7 Reasons Millennials Should Bring Back Dinner Parties

Sometimes it feels like my generation grew up on takeout, delivery, and convenience foods, and as a result, never gained kitchen skills. I am no different. At the start of my plant-based journey, I spent months eating just roasted sweet potatoes for dinner because I didn’t have the patience or skill to cook something more elaborate. I ate so many sweet potatoes that my skin would turn orange after a few days–that’s when I would switch to red and white potatoes for a day. I felt amazing eating so many potatoes, so I didn’t rush to learn how to cook. To give myself credit, I did make my own hummus and the occasional veggie-lover's pizza.

We’re all so busy doing that we forget cooking doesn’t have to be just another task to complete. Cooking can be the highlight of the day, or even the major event of a Friday night. This weekend, invite some friends over and reclaim your cooking skills. I promise you and your guests will appreciate the change of pace, even if the food doesn’t come out perfect! If you are anything like I was in college (not Martha Stewart), start with an easy crowd-pleaser like pesto pasta or bean chili. For more inspiration, find some of our most popular vegan dinner recipes here.

Here are my favorite reasons to cook for friends and family at home:

1. Cooking Can Be Fun, Social, and Communal

Cooking doesn’t have to be a stressful chore, and it certainly doesn’t have to be overly complicated or difficult. It can be fun, creative, and social. It can also be relaxing and reflective. For entertaining, choose recipes you’re excited to make. I like to welcome guests with simple, hearty meals like soup and lasagna or a big salad and pasta. While you cook, put on some music or an interesting podcast or invite your guests over early for some conversation.

2. Cooking at Home Is Healthier

Although there are obvious benefits to social connections and being with friends, cooking at home is also associated with a healthier diet. One study found that individuals who frequently cooked at home consumed less sugar, fat, and calories than those who relied on fast food, restaurant meals, and pre-packaged meals1.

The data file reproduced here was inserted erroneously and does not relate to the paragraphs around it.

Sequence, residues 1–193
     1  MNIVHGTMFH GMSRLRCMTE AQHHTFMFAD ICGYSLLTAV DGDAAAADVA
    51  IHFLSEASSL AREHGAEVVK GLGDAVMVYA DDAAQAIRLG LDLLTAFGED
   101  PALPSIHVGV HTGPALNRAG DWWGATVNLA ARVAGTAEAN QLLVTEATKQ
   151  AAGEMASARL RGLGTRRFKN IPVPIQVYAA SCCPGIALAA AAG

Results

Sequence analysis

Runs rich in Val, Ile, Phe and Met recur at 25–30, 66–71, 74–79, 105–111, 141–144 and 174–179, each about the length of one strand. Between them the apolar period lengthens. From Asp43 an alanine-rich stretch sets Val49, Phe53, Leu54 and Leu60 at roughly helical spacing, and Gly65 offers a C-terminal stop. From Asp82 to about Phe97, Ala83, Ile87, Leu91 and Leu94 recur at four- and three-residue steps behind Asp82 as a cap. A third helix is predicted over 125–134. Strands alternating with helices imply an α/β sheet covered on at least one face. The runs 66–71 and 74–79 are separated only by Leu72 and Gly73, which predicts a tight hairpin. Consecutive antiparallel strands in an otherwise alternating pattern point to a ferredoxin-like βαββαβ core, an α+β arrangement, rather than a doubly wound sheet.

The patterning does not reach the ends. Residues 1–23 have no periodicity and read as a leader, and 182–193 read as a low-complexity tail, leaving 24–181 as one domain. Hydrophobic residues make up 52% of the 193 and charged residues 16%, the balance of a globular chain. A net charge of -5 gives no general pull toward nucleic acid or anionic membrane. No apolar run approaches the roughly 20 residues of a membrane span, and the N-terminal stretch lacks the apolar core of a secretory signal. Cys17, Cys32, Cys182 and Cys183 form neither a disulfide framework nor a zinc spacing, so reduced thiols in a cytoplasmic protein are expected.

Restaurants are notorious for packing salt, sugar, and oil into their dishes. In fact, researchers at Tufts University found that 92% of restaurants exceeded recommended caloric requirements for a single meal, and about a third exceeded caloric requirements for an entire day2.

3. Cooking at Home Saves You Money

I am someone who doesn’t mind spending a few extra bucks for higher quality food. That being said, I’m a millennial, and one thing we all have in common is our tendency to comparison shop for just about everything. Fortunately, you can save big bucks by cooking at home if you base your meals on low-cost vegan staples (lentils, potatoes, rice, oats, bananas, and frozen vegetables). Try to cook almost everything entirely from scratch, especially dips and spreads. That hummus I used to eat everyday comes to mind here. Why pay $5 for a tub of the stuff when you can whip together a blender full of healthier hummus for half the the price?

4. You Have Full Control Over the Ingredients and the Ambiance

Although it’s great to support your favorite local vegetarian restaurants, cooking at home for friends gives you control of the ambiance, music, seating, and ingredients. When you cook for your friends, you control what goes into your food and, perhaps more importantly, what doesn’t go in. You can also control the mood with lighting and music, whether you are hosting a celebratory party, a romantic dinner, or a relaxing evening with friends. Make it more casual with a family-style spread or more festive with a theme like Tex-Mex or Indian.